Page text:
THESE ARE hard times for the poor. Not many would argue with that. UK Government austerity measures have meant that increasing numbers of people are unable to make ends meet. Food banks are busier than ever (according to an article in the Guardian, three open every week) and recent headlines reveal that child poverty is again on the increase. Over 6 million people are unemployed or underemployed and benefits and the minimum wage rates are falling well behind that of inflation. Key charities are struggling financially, leaving some of our most vulnerable citizens badly in need of support.
At Coventry Jesus Centre ‘The Bridge’ drop-in is open five mornings a week: free breakfasts, showers and clothes are provided and laundry is done at a small fee. About 250 visits by 110-130 individual visitors are clocked each week.The ‘Bond Scheme’ is run by Coventry Jesus Centre to enable people who are homeless to access and hold onto private rented accommodation. About 180 have been housed since October 2005 when the scheme was set up.
‘Your learning’ was set up in 2010 as a scheme to impart skills needful for life in the UK such as speaking, reading, writing, job search or computer skills. Around 60 individuals attend sessions each week, some of them twice.
But let’s leave aside the big picture and put ourselves in the shoes of the poor, the vulnerable and the unskilled. After all, what would you feel like if:
You missed a vital appointment at Jobcentre Plus because you couldn’t read the appointment letter. You’re scared you’ll lose your benefits.
Your child comes home from school, aged 5, and can read better than you.
You live on friends’ settees – or maybe in a garage – hoping you won’t be found out. You’ve got no money to pay the deposit for a flat.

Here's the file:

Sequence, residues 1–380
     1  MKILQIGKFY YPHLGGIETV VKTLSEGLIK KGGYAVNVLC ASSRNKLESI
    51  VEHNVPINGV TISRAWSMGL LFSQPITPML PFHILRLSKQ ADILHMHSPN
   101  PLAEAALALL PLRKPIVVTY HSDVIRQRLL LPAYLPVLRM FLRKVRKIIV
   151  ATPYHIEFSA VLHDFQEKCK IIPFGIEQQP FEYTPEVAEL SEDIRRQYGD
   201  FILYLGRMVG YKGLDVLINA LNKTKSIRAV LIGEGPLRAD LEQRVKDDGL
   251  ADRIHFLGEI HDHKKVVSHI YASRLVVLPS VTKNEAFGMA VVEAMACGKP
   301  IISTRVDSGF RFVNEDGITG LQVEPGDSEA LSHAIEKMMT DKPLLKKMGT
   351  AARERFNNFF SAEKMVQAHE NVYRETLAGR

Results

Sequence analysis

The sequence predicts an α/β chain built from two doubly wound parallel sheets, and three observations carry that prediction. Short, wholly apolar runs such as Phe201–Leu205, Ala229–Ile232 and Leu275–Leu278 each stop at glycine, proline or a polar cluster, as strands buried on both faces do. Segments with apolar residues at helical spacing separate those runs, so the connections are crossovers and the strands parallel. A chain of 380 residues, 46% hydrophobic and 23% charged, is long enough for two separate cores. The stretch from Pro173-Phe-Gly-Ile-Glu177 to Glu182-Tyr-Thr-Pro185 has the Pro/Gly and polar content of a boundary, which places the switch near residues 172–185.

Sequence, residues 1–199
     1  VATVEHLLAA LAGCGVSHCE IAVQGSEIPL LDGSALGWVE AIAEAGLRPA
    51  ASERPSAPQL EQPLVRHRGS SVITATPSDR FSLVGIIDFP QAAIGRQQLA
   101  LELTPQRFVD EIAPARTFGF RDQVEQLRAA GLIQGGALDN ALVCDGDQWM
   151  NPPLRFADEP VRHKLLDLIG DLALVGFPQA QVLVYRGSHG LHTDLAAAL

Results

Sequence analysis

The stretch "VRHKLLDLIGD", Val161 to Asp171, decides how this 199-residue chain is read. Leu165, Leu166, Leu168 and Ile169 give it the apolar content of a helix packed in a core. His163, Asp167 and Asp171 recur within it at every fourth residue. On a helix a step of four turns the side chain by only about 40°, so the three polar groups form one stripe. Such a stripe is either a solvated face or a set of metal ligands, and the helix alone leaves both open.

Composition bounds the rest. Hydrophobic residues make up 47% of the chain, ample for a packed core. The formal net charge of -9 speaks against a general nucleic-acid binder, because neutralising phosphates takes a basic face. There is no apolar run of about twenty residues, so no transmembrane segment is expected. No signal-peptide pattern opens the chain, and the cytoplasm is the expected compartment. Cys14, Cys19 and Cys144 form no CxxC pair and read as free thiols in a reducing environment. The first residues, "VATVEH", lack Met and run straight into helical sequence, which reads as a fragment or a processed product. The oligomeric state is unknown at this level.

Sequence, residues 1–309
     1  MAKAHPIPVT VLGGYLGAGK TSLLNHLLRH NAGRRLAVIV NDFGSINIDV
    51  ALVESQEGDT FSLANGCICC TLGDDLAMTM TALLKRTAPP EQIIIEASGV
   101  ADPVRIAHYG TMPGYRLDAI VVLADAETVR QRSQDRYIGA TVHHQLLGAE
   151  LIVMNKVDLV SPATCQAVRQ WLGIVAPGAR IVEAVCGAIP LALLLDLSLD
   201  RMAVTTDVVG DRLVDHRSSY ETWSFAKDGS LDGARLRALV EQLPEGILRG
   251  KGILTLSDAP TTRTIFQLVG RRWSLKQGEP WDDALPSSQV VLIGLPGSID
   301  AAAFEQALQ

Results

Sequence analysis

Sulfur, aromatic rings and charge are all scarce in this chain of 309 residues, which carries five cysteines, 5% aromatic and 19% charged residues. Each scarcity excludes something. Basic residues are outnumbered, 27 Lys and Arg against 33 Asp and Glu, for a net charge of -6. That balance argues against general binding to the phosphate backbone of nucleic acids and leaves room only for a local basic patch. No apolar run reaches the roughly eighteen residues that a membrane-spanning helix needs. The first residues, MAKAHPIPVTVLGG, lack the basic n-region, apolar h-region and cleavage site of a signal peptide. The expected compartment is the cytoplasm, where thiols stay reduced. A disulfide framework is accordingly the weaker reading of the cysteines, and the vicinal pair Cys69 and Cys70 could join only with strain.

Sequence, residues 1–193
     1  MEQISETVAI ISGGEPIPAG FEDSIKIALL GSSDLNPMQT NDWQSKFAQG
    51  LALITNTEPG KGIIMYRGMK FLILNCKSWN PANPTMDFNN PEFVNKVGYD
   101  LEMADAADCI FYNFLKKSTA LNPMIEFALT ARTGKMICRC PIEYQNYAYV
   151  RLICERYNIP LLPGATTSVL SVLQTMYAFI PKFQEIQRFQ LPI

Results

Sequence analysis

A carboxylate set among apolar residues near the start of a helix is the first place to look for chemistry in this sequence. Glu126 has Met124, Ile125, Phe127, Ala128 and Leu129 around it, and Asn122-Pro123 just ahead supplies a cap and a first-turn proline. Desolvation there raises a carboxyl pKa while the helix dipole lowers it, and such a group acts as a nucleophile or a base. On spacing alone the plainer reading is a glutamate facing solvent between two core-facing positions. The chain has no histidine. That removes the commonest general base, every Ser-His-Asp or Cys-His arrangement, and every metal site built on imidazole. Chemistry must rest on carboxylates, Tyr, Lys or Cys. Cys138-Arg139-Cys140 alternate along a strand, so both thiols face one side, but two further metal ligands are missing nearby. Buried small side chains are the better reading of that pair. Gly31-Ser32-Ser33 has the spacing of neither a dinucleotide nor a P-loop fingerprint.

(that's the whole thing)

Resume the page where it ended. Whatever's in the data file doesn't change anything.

You are an addict and have lost your home; your four children have been taken into care. You ask, ‘Is life really worth living?’
Your husband was murdered in the country you came from, you fled and haven’t seen your only child for three years; your asylum case is dragging on and on … no chance of settling yet in the UK .. No chance of seeing your child.
You were a trained doctor in your own country but don’t speak much English. You would love to use your professional qualifications but that’s just not possible at the moment. Any job would do but there’s not much going.
We meet people every day at Coventry Jesus Centre who face predicaments like these and we try our best to help them. After all, that is exactly what Jesus told us to do: loving people and going out of our way to meet their needs – both human and spiritual. Remember the story of the Good Samaritan?
We call it the Jesus Centre because we want to share His heart, His love, for all the people that enter the doors. It’s not always easy at times and whatever we do, it will be tiny compared to the enormity of the problem.
So, let’s put a face on ‘the poor’. Here are some examples of people who have recently stepped through the doors of the Jesus Centre: